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The Chemical Educator

ISSN: 1430-4171 (electronic version)

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Abstract Volume 13 Issue 6 (2008) pp 358-364

Fred Allison's Magneto-Optic Search for Elements 85 and 87

George B. Kauffman* and Jean-Pierre Adloff

Honorary Professor, Université Louis Pasteur, 63 Rue Saint Urbain, Strasbourg, France F-67100,, Department of Chemistry, California State University, Fresno, Fresno, CA 93740-8034,

Published online: 1 December 2008

Abstract. During the mid-1920s, two unfilled places with atomic number 85 (eka-iodine) and 87 (eka-cesium) remained in the terminal portion of the periodic system. Since no stable element beyond bismuth (atomic number 83) had ever been found, it was obvious that they should be radioactive. During the late 1920s and early 1930s Fred Allison (1882–1974) at the Department of Physics of the Alabama Polytechnic Institute used his controversial magneto-optic method of chemical analysis to search for these elements. He claimed to have discovered elements 85 and 87, which he christened alabamine and virginium, respectively. Although other researchers attempted to replicate his results, they were unsuccessful. Astatine and francium were eventually discovered in 1940 and 1939, respectively.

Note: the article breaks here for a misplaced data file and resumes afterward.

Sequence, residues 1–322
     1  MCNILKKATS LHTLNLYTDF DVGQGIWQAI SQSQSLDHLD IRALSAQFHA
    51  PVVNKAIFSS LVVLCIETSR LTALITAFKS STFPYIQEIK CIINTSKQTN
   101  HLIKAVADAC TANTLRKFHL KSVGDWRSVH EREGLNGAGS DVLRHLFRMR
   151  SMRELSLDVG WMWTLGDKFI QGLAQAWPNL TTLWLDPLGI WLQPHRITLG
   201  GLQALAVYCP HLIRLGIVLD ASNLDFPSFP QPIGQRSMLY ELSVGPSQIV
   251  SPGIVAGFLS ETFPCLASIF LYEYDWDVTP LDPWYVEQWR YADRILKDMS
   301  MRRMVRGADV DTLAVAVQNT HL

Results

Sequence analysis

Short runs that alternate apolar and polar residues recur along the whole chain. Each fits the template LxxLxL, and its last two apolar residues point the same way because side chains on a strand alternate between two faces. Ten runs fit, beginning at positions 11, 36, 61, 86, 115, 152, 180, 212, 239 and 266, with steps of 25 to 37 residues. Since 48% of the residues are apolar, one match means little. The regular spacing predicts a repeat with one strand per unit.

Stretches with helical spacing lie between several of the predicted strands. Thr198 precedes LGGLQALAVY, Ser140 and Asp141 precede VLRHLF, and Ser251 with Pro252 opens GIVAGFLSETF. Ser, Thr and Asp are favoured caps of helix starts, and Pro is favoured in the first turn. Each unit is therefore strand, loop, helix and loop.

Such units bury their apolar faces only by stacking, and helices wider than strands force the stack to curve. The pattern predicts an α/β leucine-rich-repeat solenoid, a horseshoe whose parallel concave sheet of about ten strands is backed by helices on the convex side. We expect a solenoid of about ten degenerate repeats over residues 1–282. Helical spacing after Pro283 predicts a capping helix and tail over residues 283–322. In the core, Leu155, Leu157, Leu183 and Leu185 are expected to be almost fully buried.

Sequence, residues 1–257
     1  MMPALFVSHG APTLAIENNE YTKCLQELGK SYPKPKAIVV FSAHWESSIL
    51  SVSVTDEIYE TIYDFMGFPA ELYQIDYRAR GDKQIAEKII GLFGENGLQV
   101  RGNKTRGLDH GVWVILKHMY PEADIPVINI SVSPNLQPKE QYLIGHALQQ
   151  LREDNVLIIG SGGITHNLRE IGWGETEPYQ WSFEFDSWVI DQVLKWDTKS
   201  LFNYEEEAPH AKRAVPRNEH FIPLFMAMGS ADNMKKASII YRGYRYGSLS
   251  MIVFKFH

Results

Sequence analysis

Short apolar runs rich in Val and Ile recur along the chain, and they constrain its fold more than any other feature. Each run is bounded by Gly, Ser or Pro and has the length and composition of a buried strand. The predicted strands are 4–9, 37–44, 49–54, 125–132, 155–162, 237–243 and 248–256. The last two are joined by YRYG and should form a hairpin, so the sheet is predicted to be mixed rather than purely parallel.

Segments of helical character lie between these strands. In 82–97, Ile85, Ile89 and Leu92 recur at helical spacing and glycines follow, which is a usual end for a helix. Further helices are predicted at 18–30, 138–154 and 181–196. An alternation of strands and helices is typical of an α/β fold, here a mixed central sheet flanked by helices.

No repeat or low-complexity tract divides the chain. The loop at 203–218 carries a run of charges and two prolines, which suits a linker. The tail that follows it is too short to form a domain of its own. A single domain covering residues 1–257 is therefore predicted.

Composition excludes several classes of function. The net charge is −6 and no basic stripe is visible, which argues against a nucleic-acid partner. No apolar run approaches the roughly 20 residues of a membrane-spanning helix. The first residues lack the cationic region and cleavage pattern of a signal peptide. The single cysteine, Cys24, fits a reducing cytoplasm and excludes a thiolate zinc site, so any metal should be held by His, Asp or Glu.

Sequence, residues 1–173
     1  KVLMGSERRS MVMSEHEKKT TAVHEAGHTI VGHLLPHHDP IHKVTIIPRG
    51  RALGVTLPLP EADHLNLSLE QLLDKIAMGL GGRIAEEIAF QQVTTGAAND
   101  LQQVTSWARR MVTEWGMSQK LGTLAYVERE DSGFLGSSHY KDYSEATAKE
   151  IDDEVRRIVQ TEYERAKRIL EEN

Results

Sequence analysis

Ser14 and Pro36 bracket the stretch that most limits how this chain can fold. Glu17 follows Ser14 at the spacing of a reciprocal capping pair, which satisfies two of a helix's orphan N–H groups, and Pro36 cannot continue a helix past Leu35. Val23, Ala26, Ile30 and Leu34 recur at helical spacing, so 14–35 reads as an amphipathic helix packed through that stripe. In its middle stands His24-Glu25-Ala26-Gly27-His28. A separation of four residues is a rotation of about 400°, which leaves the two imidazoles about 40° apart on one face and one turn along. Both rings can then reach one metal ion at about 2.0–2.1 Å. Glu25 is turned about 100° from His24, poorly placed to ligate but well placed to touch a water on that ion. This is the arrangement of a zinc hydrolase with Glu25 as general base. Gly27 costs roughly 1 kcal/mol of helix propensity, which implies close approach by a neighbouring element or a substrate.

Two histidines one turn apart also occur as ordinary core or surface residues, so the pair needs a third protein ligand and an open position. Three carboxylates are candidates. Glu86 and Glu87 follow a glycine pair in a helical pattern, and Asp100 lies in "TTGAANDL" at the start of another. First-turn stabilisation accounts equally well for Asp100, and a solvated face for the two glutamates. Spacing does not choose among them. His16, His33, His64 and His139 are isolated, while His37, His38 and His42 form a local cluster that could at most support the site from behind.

Key Words: Chemistry and History; inorganic chemistry; spectroscopy; discovery of the elements; spurious discoveries; magneto-optic method of chemical analysis; periodic table; prediction of elements; radioactive elements; American chemistry

(*) Corresponding author. (E-mail:

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Issue date: December 1, 2008

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